Riley Mers, 9, has a friend named Rocco. Rocco is a Portuguese Water Dog who not only acts as her pet, but is trained to save her life.
Riley has a deadly peanut allergy that is so severe that even breathing in the scent of peanuts can trigger a reaction. Rocco is trained to sniff out peanuts before Mers’s body even has the chance to react.
“He can prevent her from walking down the sidewalk and coming across something like a bakery that could be making peanut butter cookies,” says Riley’s Mom, Sherry Mers.
Rocco has made such a positive change in Riley’s life that Sherry founded the non-profit organization Angel Dogs which works to raise money in order to train dogs just like Rocco. Dogs can be trained to sniff out many different types of allergies like soy, wheat and dairy products in the same way that bomb-sniffing dogs do.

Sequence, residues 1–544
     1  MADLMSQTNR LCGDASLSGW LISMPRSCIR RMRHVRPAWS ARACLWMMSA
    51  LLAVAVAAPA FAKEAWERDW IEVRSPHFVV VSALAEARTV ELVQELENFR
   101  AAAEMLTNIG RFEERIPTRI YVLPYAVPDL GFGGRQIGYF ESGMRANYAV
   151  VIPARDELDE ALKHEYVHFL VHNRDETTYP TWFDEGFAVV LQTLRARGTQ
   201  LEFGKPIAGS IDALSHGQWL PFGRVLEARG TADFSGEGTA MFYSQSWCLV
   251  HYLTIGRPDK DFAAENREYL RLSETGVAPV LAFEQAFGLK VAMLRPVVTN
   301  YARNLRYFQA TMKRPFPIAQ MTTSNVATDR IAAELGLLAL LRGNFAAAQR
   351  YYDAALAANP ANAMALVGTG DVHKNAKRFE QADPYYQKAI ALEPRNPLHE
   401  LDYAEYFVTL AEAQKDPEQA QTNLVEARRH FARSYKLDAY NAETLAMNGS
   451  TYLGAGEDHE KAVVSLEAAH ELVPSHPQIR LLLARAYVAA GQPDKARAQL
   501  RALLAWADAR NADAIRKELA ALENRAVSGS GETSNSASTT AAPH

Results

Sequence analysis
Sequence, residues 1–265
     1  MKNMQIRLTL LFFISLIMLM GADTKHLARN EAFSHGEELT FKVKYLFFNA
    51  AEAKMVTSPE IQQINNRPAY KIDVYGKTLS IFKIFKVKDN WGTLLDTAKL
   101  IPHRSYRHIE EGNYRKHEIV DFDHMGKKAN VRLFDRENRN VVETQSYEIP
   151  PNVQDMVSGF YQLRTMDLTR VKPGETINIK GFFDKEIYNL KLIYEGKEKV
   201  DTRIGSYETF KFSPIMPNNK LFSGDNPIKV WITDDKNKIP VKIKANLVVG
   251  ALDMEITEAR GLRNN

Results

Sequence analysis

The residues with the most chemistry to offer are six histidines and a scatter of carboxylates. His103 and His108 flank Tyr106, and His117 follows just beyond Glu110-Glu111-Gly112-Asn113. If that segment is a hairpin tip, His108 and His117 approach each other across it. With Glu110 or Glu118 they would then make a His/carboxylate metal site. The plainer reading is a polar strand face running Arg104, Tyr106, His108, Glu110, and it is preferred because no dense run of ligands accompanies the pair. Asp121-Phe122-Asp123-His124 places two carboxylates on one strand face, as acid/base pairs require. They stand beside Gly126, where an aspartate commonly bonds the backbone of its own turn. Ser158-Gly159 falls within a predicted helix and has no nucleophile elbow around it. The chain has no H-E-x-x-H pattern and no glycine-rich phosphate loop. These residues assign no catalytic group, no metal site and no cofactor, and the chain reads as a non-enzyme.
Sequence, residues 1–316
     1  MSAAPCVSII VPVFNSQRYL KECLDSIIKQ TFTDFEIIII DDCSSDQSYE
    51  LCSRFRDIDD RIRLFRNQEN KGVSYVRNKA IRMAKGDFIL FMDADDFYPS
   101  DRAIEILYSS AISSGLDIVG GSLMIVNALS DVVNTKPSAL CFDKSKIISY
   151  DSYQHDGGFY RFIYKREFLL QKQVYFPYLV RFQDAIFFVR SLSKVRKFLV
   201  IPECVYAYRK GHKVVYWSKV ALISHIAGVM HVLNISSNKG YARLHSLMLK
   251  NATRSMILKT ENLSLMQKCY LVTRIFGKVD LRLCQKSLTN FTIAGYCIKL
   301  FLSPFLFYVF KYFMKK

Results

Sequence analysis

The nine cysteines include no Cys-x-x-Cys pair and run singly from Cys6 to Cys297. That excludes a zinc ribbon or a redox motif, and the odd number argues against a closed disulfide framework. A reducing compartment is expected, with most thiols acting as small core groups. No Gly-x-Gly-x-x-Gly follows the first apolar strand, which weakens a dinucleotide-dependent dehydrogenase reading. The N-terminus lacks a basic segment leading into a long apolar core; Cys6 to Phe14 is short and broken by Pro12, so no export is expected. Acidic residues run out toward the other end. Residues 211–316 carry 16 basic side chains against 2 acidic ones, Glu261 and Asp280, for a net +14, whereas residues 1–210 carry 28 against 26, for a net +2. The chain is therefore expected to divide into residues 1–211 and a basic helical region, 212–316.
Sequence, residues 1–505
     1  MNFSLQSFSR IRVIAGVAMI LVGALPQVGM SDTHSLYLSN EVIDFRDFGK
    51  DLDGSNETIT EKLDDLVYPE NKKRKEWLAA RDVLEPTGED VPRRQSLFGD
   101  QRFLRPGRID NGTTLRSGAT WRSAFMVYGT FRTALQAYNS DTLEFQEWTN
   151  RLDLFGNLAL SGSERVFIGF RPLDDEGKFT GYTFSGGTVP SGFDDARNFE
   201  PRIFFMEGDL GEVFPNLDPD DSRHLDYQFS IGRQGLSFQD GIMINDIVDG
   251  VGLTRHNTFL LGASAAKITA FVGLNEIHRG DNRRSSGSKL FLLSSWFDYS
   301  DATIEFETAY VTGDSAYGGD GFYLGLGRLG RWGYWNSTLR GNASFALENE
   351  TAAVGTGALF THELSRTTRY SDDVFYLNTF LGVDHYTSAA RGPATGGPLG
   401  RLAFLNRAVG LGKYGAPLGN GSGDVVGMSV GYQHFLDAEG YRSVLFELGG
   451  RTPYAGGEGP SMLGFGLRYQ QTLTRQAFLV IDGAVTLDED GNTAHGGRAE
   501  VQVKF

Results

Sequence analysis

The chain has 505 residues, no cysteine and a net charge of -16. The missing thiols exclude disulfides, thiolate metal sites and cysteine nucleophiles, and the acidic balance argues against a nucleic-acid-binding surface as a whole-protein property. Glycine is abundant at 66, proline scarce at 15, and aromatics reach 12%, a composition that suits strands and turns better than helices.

Like bomb-sniffing dogs, what Rocco does is a matter of life and death. Riley’s last reaction was triggered in a matter of seconds. “Her throat had started swelling shut, her lips were swelling to where she couldn’t breathe through her nose,” Sherry says. This was all before Rocco.
Chris Jakuvin trains bomb-sniffing dogs for the military as well as service dogs for people with allergies. “We train the dog to suit the family’s needs,” Jakuvin says.
He trains the dogs by creating real-life scenarios where the dog has to sniff out a certain substance. For example, he uses places like hotel rooms a family might stay at during vacation and hides peanuts in a drawer. When the dog is brought in during a sweep of the room the dog heads right to the drawer with the peanuts and will alert the trainer.
“Then we know get the child out of there, get another room, or clean everything out before they bring the child in,” Jakuin says.
It takes about six months to train a dog and they’re about 95 percent accurate. Jakuvin warns that this is not a perfect system. Families still need to be on guard and the dog should be the last line of defense.